What Your Brain Type Says About How You’re Responding to the Coronavirus Pandemic
Are you one of those people who are hoarding toilet paper and face masks? Are you freaking out from all the scary news or feeling completely depressed from all the social distancing? Or are you like those Spring Breakers flocking to the beaches like nothing’s wrong?
The way you react in a crisis like the coronavirus pandemic depends on your brain type. After studying more than 160,000 brain SPECT scans at Amen Clinics, it’s clear that not all brains are the same. SPECT is a brain imaging tool that measures blood flow and activity and shows areas of the brain with healthy activity, too much activity, or not enough activity.
Based on our brain imaging work, we have identified 5 primary brain types that influence who you are, how you behave, and how you relate to others. Here’s a look at how each of the brain types tends to respond during times of crisis and pandemics.
Brain Type 1 — Balanced
On brain SPECT scans, the balanced brain shows full, even, symmetrical blood flow in most areas.
If you have the Balanced Brain Type, you’re likely to be focused, flexible, and emotionally stable. You’re one of those people who shows up on time, follows through on promises, and copes well with life’s ups and downs—even with global pandemics.
In times of extreme stress, you tend to have healthy levels of worry and anxiety, which means you’ll be prepared but won’t go overboard by hoarding or panicking. In general, you aren’t much of a risk-taker, so you listen to what the government and experts say and follow the rules regarding social distancing. You stick to getting information about the virus from reputable sources like the CDC, and you also follow sound advice to boost your immune system to minimize your risk of developing COVID-19.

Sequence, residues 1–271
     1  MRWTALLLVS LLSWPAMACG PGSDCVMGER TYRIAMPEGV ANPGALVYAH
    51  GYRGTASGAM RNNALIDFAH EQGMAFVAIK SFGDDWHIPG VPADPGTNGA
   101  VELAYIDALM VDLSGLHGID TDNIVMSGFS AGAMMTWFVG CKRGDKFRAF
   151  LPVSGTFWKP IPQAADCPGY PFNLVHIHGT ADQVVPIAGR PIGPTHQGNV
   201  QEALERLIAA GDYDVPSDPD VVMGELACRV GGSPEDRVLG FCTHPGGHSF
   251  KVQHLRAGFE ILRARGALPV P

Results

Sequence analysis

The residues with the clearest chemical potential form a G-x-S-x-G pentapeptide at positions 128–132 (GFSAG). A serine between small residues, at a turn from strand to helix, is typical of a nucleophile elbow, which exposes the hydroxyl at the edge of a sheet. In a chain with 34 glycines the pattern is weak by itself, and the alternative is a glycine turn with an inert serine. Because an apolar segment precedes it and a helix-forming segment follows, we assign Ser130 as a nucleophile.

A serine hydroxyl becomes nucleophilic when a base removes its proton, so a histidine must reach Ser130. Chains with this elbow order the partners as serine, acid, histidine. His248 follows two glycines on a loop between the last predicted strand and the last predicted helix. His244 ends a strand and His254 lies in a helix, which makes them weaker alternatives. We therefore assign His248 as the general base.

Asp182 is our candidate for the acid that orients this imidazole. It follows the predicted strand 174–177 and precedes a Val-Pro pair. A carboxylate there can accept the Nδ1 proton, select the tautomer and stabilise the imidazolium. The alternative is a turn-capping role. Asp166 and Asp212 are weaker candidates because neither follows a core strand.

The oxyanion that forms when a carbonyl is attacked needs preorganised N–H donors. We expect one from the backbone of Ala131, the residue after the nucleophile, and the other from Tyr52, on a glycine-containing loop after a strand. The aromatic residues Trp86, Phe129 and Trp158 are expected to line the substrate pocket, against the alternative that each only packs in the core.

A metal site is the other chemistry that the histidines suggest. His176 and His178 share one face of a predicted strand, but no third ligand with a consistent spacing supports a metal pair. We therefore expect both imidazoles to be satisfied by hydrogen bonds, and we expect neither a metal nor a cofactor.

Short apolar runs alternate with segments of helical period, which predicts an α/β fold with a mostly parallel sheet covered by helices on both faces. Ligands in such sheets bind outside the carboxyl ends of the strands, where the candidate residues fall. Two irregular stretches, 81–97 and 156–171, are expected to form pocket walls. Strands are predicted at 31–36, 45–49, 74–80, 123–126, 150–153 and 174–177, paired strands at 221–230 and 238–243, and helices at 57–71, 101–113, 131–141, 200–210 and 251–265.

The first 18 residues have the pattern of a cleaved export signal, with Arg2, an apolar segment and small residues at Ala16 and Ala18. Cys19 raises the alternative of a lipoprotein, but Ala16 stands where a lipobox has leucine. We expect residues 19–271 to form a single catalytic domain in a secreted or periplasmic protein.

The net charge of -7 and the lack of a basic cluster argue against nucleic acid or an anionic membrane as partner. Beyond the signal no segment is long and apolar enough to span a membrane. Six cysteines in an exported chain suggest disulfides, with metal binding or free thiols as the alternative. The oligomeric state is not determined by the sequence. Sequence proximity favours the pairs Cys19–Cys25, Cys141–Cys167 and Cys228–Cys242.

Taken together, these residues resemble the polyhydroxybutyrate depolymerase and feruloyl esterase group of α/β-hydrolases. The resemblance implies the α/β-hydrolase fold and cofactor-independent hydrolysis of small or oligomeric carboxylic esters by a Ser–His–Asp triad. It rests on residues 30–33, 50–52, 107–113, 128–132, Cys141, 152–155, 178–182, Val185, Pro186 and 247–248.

Support your Brain Type: Eat a healthy diet; get regular exercise; and take multi-vitamins, omega-3 fatty acids, and vitamin D.
Brain Type 2 — Spontaneous
This type typically has lower activity in the front part of the brain in an area called the prefrontal cortex (PFC).
The Spontaneous Brain Type tends to be creative, out-of-the-box thinkers who would rather do things on the spur of the moment than have a set schedule. You may struggle with a short attention span, distractibility, disorganization, and impulse control problems. These people are often adrenaline junkies—think of firefighters, for example, who are more likely to run toward a fire than away from it. Spontaneous types often don’t believe that rules apply to you, so in this pandemic, you might not be adhering to social distancing recommendations. You may even be one of those people crowding the beaches in Florida or having a “coronavirus party” with your other spontaneous friends.
These are the “Don’t worry, be happy” type of people. This means you aren’t worried about the pandemic, but you likely aren’t taking the precautions that could help you prevent exposure to it. And you may not be doing anything to enhance your immunity since you aren’t afraid of catching it. Unfortunately, a longevity study found that “Don’t worry, be happy” people die the earliest from accidents and preventable causes. This type is often seen in people with ADD/ADHD.